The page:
Dawn studied at The Queen's Foundation, Birmingham and will serve her curacy at Allestree St Nicholas and Quarndon.

 


Favourite Bible passage:

John 3:16-18 

16 “For God so loved the world that he gave his only Son, so that everyone who believes in him may not perish but may have eternal life.

17 “Indeed, God did not send the Son into the world to condemn the world, but in order that the world might be saved through him.

This is because in the early days of my grieving I kept seeing this verse in various places and it comforts me and gives such hope. My late 16-year-old was also in the midst of reading a book by Max Lucado called 3:16- The Numbers of Hope.

Favourite hymn

“Because he lives” - it has such an uplifting tune and the chorus reflects our trust in God and his faithfulness to us.

“Because He lives, I can face tomorrow
Because He lives, all fear is gone
Because I know He holds the future
And life is worth the living, just because He lives”


Those being ordained deacon by Bishop Libby at Derby Cathedral on 30 June 2019: Sally-Anne Beecham, Rhoda Blackwell, Brenda Jackson, Elaine Jones, Dawn Knight, James Millwain, Jenny Newman and Anthony Till

>> Meet Anthony Till

Derby Cathedral will host The Knife Angel when it comes to the city later this year.

Derby has been chosen to be one of the cities across the country to host the National Monument Against Violence and Aggression.

The spectacular 27ft sculpture, made from around 100,000 bladed weapons collected in knife banks during police amnesties across the country, will be based next to the Cathedral on Irongate, for 28 days in October.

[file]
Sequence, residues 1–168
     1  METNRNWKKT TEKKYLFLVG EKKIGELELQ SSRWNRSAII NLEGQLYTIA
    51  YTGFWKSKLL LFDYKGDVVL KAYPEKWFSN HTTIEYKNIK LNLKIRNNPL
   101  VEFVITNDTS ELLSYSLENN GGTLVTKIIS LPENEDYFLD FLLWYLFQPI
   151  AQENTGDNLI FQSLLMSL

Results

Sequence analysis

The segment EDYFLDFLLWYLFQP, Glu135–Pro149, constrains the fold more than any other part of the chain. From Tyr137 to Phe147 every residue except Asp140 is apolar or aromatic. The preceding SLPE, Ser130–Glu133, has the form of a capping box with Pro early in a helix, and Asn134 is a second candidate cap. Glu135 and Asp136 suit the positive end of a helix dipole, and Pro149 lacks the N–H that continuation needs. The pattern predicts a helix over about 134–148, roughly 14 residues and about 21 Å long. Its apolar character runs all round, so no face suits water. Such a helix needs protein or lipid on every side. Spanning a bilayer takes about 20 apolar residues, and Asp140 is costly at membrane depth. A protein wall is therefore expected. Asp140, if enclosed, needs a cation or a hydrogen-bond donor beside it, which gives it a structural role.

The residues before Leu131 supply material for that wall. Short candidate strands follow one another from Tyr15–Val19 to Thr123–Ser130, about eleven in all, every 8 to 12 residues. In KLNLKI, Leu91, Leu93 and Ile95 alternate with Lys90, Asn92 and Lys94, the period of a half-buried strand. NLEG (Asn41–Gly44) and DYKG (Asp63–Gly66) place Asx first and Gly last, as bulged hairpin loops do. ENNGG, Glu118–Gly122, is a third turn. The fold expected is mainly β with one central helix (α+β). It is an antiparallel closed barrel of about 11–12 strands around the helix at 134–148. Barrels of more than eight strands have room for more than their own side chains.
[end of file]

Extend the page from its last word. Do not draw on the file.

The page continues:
The Knife Angel is being brought to Derby by a group of agencies and organisations across the city, including: Derby Cathedral, Derbyshire Police, Derby City Council, Police and Crime Commissioner Hardyal Dhindsa and University Hospitals of Derby and Burton NHS Foundation Trust.

More than 70 local church leaders from across the Diocese gathered together at St Werburgh’s Church in Derby on 15th May for the Diocese's first Missional Leadership Symposium.

The symposium, organised by the Mission and Ministry team, was the first of a series of gatherings designed to bring the nation's best and most creative missional thinkers together with local church leaders.

The Diocese was pleased to extend an invitation to leaders from other denominations who's contributions enriched the day.

The conference, entitled 'Engaging with Churchless Charlie' explored the growing phenomenon of Christians choosing to practice their faith outside of traditional church structures.

The day was led by missiologist, Stephen Aisthorpe who has researched this subject extensively and published his findings in a book 'The Invisible Church'.